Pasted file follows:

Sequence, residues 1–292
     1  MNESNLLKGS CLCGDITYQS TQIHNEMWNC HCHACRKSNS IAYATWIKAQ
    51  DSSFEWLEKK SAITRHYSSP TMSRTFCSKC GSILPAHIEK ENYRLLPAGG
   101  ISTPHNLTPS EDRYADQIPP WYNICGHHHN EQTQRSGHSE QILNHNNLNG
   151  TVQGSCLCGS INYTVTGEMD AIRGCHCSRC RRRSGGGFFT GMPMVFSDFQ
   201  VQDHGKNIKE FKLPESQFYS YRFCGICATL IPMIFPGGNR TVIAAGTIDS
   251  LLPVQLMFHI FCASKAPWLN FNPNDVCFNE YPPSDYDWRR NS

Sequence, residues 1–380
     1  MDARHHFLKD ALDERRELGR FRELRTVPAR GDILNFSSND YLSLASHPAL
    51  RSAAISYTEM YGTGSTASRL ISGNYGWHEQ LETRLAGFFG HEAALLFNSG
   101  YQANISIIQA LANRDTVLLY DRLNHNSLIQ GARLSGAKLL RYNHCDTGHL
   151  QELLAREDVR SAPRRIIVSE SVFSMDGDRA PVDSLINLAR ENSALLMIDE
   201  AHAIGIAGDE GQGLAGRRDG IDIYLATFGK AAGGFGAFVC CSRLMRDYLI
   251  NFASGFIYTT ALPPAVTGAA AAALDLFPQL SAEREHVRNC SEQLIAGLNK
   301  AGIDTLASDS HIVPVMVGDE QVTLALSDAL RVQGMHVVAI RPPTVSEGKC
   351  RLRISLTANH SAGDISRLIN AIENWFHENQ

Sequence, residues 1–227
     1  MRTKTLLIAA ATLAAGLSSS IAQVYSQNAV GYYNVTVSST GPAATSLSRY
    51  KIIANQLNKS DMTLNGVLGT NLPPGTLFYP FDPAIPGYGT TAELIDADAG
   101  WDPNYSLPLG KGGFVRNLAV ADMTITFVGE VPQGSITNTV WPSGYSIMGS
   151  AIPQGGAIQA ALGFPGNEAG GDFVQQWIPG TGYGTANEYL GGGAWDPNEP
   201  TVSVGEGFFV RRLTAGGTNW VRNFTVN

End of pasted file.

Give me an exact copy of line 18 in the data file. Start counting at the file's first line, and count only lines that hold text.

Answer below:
     1  MRTKTLLIAA ATLAAGLSSS IAQVYSQNAV GYYNVTVSST GPAATSLSRY